A village without Omang

A large number of young andold residents of Metlobo villagein the southern districtlive without national identity cards.Just about 75 kilometers fromKanye village, the small villagewith a population of over 1000, hasaround 142 people with ages rangingfrom 16 to 55 years who havenever acquired identity cards.Speaking in an interview withThe Gazette recently, the villagechief, Isaac Keipeile, lamented thatthe issue is caused by migration ofpeople who come to his village tolook for jobs in the farms.Some of the affected people, accordingto the chief, come to Metlobobefore they reach the requiredage to get Omang “and when theyreach the required age they do notgo back to their parents and or relativesto acquire the national identitycards.


They end up having relationshipswith the locals and never goback to their families even after losingtheir jobs,” Keipeile explained.The chief said that this is propagatedwhen residents withoutOmang cards bear children whothen face diffi culties in getting thesame because of their parents’ situation.“They seem to have taken theissue of identity cards very light,and I have recently realized that thelocals are now joining the trend. Butwe are always faced with diffi cultiesduring times of sicknesses anddeaths,” the chief noted with concern.The situation is a draw back in thedevelopment of the village as someof the residents who qualify to beunder the government programs likemonthly food rations and old agepension are unable to get benefi ts.The chief said his efforts to talkto the nearby civil and national registrationoffi ce to intervene did notbear fruits as he could not get a concreteresponse. According to him,this kind of situation could only beaddressed if government can changethe law.


“People should be requiredto have identity cards for them todo any type of work, be it domesticwork or any other job. Some peoplejust get lazy because they have toldthemselves that they will only dojobs which don’t require them toproduce identity cards,” he said.The Assistant Manager, Communicationsat the Ministry of Labourand Home Affairs, OsesenaqaLekgoko, told The Gazette that herdepartment was not aware of thesituation in Metlobo. “I do not understandwhy they would not haveidentity cards when they are justnear a big village of Kanye.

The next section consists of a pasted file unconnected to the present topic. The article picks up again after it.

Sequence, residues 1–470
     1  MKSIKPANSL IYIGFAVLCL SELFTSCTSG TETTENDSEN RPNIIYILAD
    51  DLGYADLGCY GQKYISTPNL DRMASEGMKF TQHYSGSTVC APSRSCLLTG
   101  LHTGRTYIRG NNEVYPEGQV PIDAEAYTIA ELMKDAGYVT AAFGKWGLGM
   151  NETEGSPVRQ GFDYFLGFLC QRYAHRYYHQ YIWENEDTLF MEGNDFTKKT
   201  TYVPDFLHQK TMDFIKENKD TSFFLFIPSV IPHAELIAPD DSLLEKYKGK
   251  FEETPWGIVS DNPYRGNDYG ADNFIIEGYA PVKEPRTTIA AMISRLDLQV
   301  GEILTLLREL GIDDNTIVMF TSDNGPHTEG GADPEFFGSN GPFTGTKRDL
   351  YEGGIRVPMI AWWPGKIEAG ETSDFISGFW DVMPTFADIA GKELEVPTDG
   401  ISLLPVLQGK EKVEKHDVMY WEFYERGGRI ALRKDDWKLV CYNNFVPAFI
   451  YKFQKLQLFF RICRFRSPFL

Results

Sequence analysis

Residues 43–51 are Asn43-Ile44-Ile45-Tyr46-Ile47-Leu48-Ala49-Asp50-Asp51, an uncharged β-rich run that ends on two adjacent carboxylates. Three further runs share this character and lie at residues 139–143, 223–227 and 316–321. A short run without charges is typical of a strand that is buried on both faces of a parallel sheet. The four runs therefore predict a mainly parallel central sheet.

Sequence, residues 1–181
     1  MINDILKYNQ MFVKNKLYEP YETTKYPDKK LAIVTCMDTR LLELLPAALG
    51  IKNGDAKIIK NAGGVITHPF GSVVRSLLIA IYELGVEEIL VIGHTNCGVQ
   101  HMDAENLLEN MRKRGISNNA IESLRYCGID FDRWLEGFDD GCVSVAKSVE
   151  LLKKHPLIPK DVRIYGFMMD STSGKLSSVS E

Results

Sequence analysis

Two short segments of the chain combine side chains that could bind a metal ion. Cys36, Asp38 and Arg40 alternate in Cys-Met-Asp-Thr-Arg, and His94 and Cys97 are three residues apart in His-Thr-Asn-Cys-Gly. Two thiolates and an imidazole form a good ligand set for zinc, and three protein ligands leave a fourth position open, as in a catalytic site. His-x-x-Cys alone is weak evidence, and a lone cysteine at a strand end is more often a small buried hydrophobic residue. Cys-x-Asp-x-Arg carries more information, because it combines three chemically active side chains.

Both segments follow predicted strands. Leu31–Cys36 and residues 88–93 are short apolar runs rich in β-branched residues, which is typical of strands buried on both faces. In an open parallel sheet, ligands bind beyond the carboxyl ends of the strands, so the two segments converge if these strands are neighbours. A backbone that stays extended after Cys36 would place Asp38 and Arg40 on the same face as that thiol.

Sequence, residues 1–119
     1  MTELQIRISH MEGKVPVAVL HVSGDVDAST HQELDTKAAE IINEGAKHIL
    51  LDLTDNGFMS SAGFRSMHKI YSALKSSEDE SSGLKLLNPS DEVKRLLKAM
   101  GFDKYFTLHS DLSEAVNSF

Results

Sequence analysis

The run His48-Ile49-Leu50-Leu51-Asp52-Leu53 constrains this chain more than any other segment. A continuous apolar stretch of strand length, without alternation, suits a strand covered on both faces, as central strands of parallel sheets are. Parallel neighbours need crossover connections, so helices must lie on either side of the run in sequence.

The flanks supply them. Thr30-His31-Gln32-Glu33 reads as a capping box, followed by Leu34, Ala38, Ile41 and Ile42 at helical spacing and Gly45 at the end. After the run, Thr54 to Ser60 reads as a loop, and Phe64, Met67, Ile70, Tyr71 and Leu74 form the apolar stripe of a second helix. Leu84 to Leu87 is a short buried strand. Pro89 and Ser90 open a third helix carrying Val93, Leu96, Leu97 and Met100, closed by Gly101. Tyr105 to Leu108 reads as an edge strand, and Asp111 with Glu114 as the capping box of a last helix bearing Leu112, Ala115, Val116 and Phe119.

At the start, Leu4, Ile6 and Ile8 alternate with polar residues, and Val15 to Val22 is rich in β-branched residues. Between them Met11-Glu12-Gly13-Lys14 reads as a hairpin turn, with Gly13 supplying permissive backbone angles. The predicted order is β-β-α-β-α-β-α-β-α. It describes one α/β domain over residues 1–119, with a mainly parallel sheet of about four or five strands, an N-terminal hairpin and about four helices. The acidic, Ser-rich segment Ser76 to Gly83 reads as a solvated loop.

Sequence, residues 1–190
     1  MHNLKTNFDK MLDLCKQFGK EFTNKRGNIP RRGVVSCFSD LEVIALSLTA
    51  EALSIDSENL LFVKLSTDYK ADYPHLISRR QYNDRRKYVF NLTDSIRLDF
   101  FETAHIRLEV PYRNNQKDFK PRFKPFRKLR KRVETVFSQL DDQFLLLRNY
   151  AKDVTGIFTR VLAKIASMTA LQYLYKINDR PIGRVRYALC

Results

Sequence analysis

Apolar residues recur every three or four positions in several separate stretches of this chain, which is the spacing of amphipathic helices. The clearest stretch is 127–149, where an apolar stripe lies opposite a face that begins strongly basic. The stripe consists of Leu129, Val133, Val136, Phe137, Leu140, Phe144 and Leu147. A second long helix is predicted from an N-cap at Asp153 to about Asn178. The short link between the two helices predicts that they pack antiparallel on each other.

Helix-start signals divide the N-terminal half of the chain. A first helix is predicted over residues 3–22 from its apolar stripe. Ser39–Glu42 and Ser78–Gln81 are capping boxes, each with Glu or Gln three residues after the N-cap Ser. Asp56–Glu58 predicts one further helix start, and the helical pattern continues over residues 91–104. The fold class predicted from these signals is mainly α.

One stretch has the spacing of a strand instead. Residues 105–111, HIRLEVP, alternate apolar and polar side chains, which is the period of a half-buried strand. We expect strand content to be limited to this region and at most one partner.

Wenormally experience such along theborder areas,” she said.Asked whether the said peoplewould be charged to get their documentsin light of the fact that manyare destitute and cannot afford thefees, she said they make an assessmentto determine whether theycan be charged or get their chargeswaived.She noted that they have an ongoingtwo-year old program for remotearea dwellers, vulnerable groupsand orphans. They identify them,and subsequently go and settle therefor some time to register them. “Wetrace their history through dikgosi,and make them take an oath andregister them because there is anarrangement that their charges arewaived.”According to Lekgoko, they conductregistration campaigns in remoteareas where there is no infrastructurelike roads. “Other regionaloffi cers make arrangements withdikgosi and make operations in suchvillages to register people.”